Zambia's Scholarship Fund provides a unique Cycle of Education
program that works in one of the poorest countries in Africa!
Through our Cycle of Education:
We provide a monthly salary for teachers to teach in poor and rural
We provide scholarships for students to attend high school.
We encourage high school students to become teachers by sponsoring
them at a two year teacher's college.
We support existing Zambian schools. 100% of donations go directly to
Unemployment in Zambia is over 90% and due to lack of revenue, the Zambain government
cannot provide public education to Zambians beyond the seventh grade.
Ten years ago, Zambia's Scholarship Fund (ZSF) began helping students and schools in the
remote Northern Province of Zambia. In this poor area, teachers for elementary education
are scarce and many communities have not had a teacher for years.
ZSF began by sponsoring 10 students at Kasama Teacher's College. Today, we support
over 521 college students and 756 high school students. We have also created over 223
jobs by paying teachers to teach in poor and rural village schools.
Zambia's Scholarship Fund is listed as an approved charity in
the Combined Federal Campaign's annual publication of
501(c)(3) charities. To locate us in the publication, our
CFC number is 10806.
ZSF also works with USAID, African Vision of Hope, Books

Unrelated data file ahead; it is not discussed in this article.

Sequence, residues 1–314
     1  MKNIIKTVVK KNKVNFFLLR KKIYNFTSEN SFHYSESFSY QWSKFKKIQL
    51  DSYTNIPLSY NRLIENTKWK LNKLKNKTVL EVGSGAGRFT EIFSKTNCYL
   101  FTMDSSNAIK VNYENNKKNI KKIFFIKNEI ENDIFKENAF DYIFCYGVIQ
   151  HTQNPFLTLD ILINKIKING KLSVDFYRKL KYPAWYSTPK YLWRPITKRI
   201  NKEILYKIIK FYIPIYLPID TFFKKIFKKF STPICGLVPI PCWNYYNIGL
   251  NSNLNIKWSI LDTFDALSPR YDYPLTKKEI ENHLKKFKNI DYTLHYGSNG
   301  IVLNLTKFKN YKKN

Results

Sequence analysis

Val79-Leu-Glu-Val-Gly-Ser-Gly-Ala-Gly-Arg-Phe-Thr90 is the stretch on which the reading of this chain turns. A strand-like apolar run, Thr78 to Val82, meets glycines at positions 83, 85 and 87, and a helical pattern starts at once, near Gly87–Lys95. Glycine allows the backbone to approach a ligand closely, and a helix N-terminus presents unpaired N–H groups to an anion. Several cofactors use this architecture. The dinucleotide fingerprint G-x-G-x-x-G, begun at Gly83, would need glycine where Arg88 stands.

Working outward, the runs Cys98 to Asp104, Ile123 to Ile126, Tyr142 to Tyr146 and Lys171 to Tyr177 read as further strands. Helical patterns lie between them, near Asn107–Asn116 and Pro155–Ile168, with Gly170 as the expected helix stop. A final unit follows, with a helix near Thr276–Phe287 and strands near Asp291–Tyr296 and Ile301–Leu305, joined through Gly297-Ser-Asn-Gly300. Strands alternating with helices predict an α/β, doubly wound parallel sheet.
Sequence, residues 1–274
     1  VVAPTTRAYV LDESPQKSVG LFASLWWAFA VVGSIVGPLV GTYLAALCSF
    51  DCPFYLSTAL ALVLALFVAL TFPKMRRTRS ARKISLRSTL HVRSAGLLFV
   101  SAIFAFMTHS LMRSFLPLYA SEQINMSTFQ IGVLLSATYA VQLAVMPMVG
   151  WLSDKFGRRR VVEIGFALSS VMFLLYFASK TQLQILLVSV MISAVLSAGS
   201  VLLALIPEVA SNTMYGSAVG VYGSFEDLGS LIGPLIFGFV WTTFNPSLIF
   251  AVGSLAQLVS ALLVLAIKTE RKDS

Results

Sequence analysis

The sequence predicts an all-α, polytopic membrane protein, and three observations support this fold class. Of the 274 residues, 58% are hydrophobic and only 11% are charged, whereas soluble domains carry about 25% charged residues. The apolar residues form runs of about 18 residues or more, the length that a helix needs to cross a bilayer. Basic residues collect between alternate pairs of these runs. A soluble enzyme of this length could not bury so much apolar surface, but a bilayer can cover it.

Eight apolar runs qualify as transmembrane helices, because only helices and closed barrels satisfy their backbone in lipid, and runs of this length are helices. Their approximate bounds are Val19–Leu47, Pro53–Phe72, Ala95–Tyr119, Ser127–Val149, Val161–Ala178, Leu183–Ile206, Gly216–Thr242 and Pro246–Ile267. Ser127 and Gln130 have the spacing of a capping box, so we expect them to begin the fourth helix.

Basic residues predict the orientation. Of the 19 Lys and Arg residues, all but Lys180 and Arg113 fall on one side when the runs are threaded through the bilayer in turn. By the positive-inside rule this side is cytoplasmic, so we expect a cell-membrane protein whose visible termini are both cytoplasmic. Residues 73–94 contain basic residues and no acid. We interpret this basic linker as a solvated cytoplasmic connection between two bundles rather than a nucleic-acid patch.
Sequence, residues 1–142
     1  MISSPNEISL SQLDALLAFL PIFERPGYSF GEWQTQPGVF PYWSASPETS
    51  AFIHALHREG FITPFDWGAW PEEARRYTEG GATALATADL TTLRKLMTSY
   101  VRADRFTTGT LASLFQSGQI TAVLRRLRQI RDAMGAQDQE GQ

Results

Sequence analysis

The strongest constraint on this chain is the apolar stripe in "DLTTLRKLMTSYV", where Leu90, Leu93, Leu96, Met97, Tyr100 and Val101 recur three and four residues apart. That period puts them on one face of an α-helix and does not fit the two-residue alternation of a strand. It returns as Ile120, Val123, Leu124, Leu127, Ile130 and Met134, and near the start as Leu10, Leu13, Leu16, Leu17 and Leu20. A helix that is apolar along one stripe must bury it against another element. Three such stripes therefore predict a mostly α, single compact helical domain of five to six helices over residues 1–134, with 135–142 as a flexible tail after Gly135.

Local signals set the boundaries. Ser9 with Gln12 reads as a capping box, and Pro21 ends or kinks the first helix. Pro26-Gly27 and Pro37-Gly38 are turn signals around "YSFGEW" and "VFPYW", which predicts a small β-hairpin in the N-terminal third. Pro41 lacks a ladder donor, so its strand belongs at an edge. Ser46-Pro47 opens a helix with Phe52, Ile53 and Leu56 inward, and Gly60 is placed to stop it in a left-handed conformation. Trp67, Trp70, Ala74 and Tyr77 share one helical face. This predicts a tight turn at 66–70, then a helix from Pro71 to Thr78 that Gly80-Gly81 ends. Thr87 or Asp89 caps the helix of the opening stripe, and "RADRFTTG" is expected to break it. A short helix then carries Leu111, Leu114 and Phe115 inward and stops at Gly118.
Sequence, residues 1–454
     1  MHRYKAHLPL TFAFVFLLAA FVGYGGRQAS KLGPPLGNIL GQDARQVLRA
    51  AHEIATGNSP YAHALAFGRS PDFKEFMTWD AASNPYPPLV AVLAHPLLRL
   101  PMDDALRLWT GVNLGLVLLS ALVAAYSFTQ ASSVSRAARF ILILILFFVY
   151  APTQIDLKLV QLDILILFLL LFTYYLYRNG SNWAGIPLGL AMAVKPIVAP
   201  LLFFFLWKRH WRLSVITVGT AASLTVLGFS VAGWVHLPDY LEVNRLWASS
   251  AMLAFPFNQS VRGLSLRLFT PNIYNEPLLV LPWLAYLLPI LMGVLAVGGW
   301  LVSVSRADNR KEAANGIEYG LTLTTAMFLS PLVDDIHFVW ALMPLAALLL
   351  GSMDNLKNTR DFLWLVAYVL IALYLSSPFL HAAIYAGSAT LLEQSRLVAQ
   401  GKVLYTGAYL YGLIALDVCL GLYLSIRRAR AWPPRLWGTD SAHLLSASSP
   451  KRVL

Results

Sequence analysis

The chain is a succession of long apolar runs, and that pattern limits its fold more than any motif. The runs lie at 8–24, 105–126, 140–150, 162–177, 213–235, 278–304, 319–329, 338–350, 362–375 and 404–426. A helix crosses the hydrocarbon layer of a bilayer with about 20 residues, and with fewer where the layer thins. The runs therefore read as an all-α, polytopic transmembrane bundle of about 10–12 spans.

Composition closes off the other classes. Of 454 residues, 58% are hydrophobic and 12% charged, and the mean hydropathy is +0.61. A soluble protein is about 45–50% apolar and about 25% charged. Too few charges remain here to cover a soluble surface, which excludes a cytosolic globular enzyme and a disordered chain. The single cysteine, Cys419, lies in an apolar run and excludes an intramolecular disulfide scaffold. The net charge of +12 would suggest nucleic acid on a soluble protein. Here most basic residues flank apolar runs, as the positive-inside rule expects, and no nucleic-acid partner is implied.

for Africa, and the Better Business Bureau. For more
please contact Peggy Rogers.
reported by Doug Nielsen
Foreign visitors to high schools
and colleges in Zambia are always
amazed at the seriousness and
dedication of students and
teachers in Zambia. Both the
students and teachers are
motivated, not just for what
education will do for their
personal lives but also because
they know their individual
progress will help the country
develop. And as visitors get to
know individuals better they find
inspiration in their stories.
One such story is that of Levy
Chintibe. Levy lost both of his
parents but was determined to
build a better life and help his
country. He found ways to care
for a younger sister while working
as a teaching intern and in spite of
many challenges he enrolled at
Paglory College of Education in
I met Levy while visiting Zambia
in 2010. I found him to be
friendly, intelligent, and very
hopeful of becoming a teacher.
His determination caused me to
promise him then that if he could
get admitted to college I would
sponsor his college tuition. In
2011 he was admitted to college
but just as he began his studies his
aunt, who was helping him care
for his sister, died and he had to
leave college to care for her burial
and his sister. In Zambia students
can only begin studies once a year
in January. So he had to sit out
and wait a full year. He began